The process also consumes up to 90% less energy than evaporation and crystallization systems and can therefore generate operating cost savings in some industrial applications. Water discharged after the ion exchange process meets strict regulatory requirements for sulfate concentrations, which can be as low as 100 parts per million (ppm) in some jurisdictions.

Metal recovery: a win-win

Sulfide precipitation is an innovative process that is now being used in a number of mines around the world to combat the effects of acid mine drainage, increase water for reuse and simultaneously generate revenue. Sulfide precipitation selectively removes dissolved metals from waste streams to create clean water and metal by-products that can then be recycled or sold to offset the costs of water treatment.

Developed as an alternative to lime treatment, sulfide precipitation does not result in toxic metal "sludge" as a by-product; saleable metals such as copper, nickel, zinc, and cobalt are instead produced.

Metal-laden water is fed to a contactor tank where sulfide reagents are introduced. The water chemistry conditions in the tank are adjusted to precipitate individual metals as pure metal sulfides. Precipitated metals and treated water are then pumped into a clarifier where they are separated and discharged or recycled.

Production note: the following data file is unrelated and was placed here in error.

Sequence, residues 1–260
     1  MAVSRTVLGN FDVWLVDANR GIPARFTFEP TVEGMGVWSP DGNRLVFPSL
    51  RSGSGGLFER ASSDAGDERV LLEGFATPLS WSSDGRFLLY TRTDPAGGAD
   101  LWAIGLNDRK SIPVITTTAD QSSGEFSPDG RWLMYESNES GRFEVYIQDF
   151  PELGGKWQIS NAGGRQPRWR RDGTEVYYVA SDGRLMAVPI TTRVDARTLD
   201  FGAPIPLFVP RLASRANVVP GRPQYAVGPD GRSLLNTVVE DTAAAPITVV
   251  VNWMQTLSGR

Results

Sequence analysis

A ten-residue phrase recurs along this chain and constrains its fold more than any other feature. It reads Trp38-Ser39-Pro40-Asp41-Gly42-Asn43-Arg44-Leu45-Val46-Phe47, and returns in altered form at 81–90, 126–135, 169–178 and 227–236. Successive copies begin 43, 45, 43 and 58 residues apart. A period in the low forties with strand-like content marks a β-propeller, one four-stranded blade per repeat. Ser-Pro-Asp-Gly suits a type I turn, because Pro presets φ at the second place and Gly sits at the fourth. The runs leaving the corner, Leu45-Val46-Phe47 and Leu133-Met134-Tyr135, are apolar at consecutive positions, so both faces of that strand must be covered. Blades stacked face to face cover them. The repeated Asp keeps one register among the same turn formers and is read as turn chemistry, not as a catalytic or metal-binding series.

Jiangxi Copper Company, China's largest copper producer, commissioned (in partnership with BioteQ Environmental Technologies) its first sulfate precipitation treatment site at its Dexing mine in 2008, and last year recovered 1.7 million pounds (771 tonnes approx.) of copper during treatment—enough copper to circumnavigate the globe with household-grade wire.

The sulfide precipitation process has enabled Jiangxi Copper to turn water treatment from a cost center that is an environmental and regulatory necessity into a revenue generator.

This spring, Jiangxi Copper and BioteQ began design work for a second plant at Dexing, using a newly developed ion exchange process to recover cobalt and nickel from mine wastewater. The plant, which will have a design capacity of 800 cubic meters per hour, has an estimated capital cost of $3 million, and will provide new capacity for wastewater treatment at the site. The water to be treated contains very low concentrations of dissolved cobalt and nickel, in the range of four to eight ppm for each metal.

The ion exchange process will concentrate the dissolved metals, which will then be selectively recovered from the water to produce a saleable cobalt-nickel product that will be refined into useful products. Construction is expected to be complete by the end of the year, with commissioning slated for early 2011.

By recovering valuable metals from wastewater, the water treatment plants provide a means to remove metal contaminants from the site, maximise resource recovery, produce treated water that meets strict environmental requirements and reduce the life cycle cost of wastewater treatment at the mine site.

We must continue to find solutions to reduce consumption and increase reuse of water. It is true that regulations are driving change, but social responsibility and sustainable business practices are indeed also part of the picture.

The good news is that commercially viable, energy-efficient and environmentally effective solutions exist and continue to be developed to meet these challenges head on.

Author's note:David Kratochvil is the president and chief operating officer of BioteQ Environmental Technologies. More information can be found at: www.bioteqwater.com.